September 2017. The Hoog Catharijne shopping mall in Utrecht has successfully overturned commercial property company Rodamco’s European trademark registration of the logo ‘Mall of the Netherlands’. According to the Cancellation Division of the European Trademark Office EUIPO, Rodamco failed to use the trademark and its rights have therefore lapsed.
5-YEAR RULE FOR NON-USE
In an opposition filed with the EUIPO, the Hoog Catharijne mall showed that the device mark Mall of the Netherlands, which Rodamco had registered in 2008, had not been used for five years. Trademark law states that registered rights can lapse after five years of non-use.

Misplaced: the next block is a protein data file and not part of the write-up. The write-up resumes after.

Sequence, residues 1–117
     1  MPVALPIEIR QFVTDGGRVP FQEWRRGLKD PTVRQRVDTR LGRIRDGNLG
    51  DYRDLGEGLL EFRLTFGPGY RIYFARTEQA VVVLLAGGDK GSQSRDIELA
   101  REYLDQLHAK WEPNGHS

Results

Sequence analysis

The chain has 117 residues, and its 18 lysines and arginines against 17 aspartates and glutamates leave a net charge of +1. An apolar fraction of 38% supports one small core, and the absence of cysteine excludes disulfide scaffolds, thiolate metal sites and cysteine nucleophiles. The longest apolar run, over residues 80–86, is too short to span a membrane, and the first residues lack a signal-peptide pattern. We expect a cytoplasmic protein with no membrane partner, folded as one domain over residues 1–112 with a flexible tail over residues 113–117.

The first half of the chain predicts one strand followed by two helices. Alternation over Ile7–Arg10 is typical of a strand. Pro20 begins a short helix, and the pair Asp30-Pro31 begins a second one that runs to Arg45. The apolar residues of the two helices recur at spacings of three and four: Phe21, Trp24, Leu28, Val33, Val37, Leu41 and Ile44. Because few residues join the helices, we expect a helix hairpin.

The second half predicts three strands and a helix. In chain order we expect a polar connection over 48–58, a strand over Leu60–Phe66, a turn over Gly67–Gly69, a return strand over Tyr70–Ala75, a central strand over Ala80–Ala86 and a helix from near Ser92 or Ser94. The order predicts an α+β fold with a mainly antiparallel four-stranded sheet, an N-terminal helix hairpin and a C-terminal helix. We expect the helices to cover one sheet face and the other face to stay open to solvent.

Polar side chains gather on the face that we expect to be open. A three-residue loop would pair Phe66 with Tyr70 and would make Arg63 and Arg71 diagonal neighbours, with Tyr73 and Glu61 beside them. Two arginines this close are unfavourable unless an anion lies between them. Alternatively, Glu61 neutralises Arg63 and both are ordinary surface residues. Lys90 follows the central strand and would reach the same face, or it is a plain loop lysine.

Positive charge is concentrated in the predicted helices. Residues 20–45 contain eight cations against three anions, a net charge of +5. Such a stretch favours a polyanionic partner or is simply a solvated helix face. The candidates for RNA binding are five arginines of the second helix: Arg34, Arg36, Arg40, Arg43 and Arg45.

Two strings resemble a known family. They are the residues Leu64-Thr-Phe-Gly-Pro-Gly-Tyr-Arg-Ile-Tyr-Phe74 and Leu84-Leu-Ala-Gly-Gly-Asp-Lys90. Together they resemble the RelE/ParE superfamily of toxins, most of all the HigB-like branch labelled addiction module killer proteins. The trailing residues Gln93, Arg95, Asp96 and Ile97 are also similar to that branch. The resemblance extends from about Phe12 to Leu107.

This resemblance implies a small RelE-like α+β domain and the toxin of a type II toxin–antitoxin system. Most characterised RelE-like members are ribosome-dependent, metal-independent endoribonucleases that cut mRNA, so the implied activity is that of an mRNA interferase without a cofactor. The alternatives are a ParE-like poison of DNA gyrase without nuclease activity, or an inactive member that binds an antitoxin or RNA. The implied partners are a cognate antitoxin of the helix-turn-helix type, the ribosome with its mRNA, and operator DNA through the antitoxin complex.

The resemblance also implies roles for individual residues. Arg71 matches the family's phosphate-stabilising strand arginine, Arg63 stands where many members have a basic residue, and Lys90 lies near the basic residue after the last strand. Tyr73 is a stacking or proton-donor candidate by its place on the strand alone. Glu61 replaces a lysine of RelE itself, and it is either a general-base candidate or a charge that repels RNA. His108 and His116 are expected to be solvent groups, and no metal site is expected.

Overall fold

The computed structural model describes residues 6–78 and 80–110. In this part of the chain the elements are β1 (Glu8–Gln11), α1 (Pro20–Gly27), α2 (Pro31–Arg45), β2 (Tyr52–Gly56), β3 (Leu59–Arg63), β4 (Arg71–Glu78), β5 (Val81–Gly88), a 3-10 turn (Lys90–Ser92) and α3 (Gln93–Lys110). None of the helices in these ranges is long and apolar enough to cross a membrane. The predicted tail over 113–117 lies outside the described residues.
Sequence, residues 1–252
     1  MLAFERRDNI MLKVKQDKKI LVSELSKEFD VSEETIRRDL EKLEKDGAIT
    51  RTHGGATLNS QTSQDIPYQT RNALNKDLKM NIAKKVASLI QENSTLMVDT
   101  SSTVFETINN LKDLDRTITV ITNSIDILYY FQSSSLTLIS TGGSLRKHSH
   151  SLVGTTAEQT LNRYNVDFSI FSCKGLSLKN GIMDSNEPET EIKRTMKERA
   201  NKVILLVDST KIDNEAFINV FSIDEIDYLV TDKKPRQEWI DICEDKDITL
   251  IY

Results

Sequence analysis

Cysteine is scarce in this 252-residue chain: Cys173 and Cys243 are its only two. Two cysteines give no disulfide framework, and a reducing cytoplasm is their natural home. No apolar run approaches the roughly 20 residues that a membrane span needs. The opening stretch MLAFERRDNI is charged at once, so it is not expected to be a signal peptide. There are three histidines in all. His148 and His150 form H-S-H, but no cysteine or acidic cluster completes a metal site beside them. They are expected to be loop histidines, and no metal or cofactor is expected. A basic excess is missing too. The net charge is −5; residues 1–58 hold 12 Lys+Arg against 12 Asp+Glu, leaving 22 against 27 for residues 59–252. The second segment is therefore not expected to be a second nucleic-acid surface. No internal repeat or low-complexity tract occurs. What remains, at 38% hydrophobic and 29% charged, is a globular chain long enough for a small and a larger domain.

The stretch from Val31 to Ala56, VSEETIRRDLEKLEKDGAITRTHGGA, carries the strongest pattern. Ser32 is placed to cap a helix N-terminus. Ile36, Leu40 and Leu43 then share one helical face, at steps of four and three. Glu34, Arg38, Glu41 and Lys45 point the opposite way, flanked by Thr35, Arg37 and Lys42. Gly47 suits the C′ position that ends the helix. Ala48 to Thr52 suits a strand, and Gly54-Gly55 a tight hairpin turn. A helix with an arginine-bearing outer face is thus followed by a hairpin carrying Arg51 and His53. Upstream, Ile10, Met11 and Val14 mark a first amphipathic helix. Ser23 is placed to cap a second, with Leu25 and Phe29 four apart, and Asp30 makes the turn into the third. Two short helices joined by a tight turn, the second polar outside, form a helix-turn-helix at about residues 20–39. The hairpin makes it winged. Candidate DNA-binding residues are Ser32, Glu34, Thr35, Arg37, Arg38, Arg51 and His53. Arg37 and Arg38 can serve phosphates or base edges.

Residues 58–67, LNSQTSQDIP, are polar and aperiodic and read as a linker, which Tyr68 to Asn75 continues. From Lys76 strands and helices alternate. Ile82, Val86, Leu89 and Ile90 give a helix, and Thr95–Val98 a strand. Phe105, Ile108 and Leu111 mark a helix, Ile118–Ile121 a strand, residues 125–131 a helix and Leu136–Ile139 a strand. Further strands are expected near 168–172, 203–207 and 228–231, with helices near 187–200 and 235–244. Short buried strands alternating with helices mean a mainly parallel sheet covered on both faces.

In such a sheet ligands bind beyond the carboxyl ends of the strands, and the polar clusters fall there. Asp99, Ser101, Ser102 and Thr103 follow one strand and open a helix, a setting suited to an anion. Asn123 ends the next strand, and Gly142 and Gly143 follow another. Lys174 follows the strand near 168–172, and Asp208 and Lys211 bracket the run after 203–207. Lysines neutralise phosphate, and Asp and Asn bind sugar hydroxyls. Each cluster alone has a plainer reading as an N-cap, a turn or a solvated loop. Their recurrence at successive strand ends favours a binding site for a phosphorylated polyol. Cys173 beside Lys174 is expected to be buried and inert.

NOT TO BLAME
Rodamco however claimed it wasn’t to blame for its failure to use the trademark, which was intended as the new name for a shopping centre in Amstelveen. Because negotiations with Amstelveen city council had taken longer than expected, Rodamco had been unable to start building Mall of the Netherlands. The company therefore argued its hands were tied.
The EUIPO disagreed, ruling that such ‘bureaucratic obstacles’ were not an adequate justification for non-use. We think that’s correct, given that the rollercoaster ride of negotiations with municipalities is a normal part of the commercial risks borne by market players.
TO BE CONTINUED (FOR SURE)
It remains to be seen what the next step will be in the battle royal between Hoog Catharijne and Rodamco. On 7 June 2016, Rodamco had rechristened its Leidsenhage shopping centre ‘Mall of the Netherlands’ (with a different logo, for which it’s applied for trademark registrations). On 4 November of the same year, Hoog Catharijne applied to the Chamber of Commerce to have its name changed to Hoog Catharijne Mall of the Netherlands. To be continued for sure!